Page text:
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The new applications brought the total number of jobless claims since mid-March to 26.4 million.
That amounts to more than 15% of the US workforce.
However, the most recent data marked the third week that the number of new claims has declined – a sign that the worst of the shock may be over.
“While this week’s 4.4 million jobless claims are staggering, there are signs that the pace of layoffs has reached its peak,” said Richard Flynn, UK managing director at financial service firm Charles Schwab.
“The key questions at this point are when can the economy reopen and what happens when it does?”
Economists have warned that the world is facing the sharpest slowdown since the Great Depression in the 1930s.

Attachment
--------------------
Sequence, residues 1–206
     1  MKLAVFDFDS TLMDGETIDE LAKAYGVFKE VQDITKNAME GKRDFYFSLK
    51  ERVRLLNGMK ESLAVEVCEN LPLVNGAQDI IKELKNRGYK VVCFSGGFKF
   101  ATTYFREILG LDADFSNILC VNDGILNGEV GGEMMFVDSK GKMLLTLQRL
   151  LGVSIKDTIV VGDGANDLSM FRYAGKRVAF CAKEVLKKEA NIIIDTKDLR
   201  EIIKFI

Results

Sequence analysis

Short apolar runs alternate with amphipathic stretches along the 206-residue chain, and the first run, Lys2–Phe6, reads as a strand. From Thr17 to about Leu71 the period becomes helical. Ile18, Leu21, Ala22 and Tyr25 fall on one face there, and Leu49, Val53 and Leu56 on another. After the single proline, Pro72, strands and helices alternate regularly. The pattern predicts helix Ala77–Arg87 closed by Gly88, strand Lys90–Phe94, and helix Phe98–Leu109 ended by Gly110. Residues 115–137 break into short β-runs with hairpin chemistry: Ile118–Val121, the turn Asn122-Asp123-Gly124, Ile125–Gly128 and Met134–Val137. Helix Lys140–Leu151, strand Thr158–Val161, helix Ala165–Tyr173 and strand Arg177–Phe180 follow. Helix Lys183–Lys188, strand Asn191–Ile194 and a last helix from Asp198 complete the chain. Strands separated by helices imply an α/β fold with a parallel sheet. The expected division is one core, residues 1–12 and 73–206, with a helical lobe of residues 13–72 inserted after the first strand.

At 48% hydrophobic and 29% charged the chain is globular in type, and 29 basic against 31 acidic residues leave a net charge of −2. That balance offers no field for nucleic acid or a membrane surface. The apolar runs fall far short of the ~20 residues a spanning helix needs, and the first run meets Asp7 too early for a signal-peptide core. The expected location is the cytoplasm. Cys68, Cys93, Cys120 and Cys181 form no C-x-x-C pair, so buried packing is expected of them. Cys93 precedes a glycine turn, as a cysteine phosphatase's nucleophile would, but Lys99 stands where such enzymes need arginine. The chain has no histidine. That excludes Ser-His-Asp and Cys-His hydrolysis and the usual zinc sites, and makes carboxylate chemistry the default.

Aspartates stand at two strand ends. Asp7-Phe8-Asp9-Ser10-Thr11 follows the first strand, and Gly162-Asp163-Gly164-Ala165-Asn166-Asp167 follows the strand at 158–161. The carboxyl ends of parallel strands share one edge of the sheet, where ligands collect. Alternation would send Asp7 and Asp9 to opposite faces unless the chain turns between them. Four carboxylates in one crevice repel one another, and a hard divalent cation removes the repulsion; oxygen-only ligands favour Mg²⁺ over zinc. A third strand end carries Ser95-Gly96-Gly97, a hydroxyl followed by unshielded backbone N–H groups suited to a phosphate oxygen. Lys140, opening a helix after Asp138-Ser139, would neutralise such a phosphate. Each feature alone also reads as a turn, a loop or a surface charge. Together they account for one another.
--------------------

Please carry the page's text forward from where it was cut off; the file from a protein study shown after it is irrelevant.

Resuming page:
In the US, the economy is expected to contract 5.9% this year, according to the International Monetary Fund.
The US government has approved more than $2 trillion in rescue funds, expanding eligibility for unemployment benefits and increasing the payments.
But many people have had trouble getting through to state offices processing the applications.
“The phones lines are often busy,” said John Dignan, a 52-year-old real estate agent in Nevada.
“It’s very frustrating, because you have no control, and no information. You already have so much anxiety about Covid-19, you know the economy’s falling apart, and I don’t have much left in savings – maybe about a month left.”